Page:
The colour of the plate helps to see what is edible on it (see the article “What am I eating there?”). In Kenya, I had to revise my preference for white plates. And since some dishes are eaten with the fingers, new challenges emerged for a Stargardtien.
I prefer white plates. They are the best way to see whether there is anything edible on it. However, the national dish in Kenya is ugali, a kind of stiff porridge made of white maize. And Ugali on a white plate is very well camouflaged. A plainly coloured plate would be better.
Now, Ugali is mostly eaten with the fingers. Meaning that there are one or two plates that are placed in the middle of the table so that everyone can reach them. And since the restaurants are mostly rather dimly lit (especially in the evening), I often have to approach the Ugali by feeling my way. Fortunately, this is not too noticeable, since it is customary to knead the portion that you have just fished a little with one hand before eating it.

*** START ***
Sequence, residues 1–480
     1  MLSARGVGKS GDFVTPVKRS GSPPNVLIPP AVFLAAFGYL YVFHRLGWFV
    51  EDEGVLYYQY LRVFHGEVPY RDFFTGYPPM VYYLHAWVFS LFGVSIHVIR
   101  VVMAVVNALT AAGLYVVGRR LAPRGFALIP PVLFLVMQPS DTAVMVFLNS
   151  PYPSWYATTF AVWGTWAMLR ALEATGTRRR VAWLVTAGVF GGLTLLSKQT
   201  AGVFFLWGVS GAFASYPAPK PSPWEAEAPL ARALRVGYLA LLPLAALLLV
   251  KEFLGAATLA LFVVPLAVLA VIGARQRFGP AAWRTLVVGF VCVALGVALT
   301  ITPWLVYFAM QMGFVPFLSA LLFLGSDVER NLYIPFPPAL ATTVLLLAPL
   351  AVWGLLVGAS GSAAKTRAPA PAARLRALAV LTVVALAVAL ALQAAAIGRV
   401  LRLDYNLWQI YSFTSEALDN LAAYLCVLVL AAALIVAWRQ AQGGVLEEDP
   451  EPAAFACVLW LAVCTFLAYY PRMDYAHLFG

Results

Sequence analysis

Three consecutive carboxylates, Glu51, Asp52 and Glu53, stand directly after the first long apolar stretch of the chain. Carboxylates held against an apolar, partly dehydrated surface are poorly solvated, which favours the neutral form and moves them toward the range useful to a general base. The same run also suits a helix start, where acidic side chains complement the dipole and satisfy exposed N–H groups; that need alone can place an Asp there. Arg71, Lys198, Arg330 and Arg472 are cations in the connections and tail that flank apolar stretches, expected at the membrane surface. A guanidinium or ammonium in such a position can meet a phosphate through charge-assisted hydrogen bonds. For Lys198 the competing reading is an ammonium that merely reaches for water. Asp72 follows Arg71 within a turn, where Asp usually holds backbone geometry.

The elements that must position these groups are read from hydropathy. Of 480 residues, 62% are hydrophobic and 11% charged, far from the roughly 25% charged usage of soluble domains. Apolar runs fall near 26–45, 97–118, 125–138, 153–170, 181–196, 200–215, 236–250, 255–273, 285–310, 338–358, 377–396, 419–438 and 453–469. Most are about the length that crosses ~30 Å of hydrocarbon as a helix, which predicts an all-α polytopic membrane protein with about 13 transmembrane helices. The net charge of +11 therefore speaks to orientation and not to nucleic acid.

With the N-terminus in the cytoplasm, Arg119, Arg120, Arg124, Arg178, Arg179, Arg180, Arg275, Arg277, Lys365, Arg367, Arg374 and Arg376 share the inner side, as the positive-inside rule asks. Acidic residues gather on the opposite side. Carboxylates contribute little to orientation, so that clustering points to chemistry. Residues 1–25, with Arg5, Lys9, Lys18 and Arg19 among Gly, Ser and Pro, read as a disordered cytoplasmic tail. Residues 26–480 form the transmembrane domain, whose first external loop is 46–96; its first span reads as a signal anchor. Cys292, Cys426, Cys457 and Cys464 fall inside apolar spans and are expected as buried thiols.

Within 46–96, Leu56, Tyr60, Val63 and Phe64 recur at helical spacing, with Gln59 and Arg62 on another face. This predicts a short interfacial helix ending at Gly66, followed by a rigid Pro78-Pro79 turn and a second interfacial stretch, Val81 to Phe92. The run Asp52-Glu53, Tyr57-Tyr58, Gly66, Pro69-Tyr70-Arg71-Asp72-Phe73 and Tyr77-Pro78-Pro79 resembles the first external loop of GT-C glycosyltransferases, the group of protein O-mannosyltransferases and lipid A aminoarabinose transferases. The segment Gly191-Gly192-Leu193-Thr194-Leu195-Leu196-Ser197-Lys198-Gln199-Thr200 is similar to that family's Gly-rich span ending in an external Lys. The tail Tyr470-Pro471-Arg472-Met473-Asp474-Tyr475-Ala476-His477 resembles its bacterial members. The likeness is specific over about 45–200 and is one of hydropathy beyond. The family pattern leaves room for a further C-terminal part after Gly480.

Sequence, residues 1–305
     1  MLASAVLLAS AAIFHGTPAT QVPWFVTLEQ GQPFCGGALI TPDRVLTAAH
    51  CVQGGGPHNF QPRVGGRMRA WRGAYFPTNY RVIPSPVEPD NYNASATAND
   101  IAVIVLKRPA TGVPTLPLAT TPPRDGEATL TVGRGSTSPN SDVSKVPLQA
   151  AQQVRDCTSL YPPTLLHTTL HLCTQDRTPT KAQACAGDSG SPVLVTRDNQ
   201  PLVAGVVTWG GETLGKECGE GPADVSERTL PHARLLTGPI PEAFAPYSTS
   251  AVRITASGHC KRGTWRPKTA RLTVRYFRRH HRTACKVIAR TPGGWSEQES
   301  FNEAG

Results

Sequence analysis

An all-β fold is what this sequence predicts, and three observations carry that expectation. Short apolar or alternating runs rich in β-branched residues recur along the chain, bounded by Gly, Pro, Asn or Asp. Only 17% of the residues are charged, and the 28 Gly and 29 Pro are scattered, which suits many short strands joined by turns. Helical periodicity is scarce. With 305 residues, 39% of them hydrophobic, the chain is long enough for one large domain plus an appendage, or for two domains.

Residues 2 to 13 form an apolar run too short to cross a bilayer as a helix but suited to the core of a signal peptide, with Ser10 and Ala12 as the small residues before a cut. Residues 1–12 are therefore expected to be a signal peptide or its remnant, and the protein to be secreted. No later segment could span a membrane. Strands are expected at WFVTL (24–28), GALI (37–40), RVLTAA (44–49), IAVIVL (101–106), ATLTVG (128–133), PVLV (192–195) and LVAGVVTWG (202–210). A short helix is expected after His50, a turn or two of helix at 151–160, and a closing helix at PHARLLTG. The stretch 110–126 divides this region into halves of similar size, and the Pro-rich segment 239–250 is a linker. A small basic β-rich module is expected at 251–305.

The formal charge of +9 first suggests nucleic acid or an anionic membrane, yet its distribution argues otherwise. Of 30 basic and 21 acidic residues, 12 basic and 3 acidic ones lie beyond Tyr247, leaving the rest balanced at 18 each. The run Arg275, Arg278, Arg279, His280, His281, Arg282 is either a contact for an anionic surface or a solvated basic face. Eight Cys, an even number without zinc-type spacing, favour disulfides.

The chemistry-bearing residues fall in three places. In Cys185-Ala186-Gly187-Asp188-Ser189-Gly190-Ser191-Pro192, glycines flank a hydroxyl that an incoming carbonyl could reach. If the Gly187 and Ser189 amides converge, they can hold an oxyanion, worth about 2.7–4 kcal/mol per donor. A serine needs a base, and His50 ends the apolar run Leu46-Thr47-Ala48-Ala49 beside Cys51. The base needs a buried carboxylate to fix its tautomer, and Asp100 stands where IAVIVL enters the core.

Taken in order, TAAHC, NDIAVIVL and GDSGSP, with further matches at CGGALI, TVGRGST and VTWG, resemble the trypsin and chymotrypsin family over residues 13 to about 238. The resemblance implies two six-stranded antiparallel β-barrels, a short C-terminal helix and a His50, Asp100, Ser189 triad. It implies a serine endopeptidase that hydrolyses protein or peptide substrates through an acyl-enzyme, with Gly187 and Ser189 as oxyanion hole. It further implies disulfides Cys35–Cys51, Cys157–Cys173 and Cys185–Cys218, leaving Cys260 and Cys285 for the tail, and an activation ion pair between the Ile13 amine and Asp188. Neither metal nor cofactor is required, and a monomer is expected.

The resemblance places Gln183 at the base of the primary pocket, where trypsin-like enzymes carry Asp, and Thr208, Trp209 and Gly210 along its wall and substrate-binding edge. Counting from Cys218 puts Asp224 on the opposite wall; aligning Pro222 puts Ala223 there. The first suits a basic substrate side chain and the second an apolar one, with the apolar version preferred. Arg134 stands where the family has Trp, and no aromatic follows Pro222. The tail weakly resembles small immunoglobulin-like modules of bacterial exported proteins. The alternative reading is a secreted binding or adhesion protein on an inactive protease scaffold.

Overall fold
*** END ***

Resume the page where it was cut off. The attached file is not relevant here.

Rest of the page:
Things become more difficult with the meat plates. Traditionally, the Nyama choma consists of grilled goat, sheep or beef, which is cut into small pieces before serving - including bones and cartilage. The difference between pieces that primarily consist of bone and cartilage and pieces that have some meat on them is not apparent for me. I would have to grope the pieces briefly to find a nutritious one. That's not exactly polite towards my table mates, so I go in and grab at random. Which often leads me to pile up a respectable collection of bones and cartilage in front of me.
This article is part of the series "Stargardt in Africa".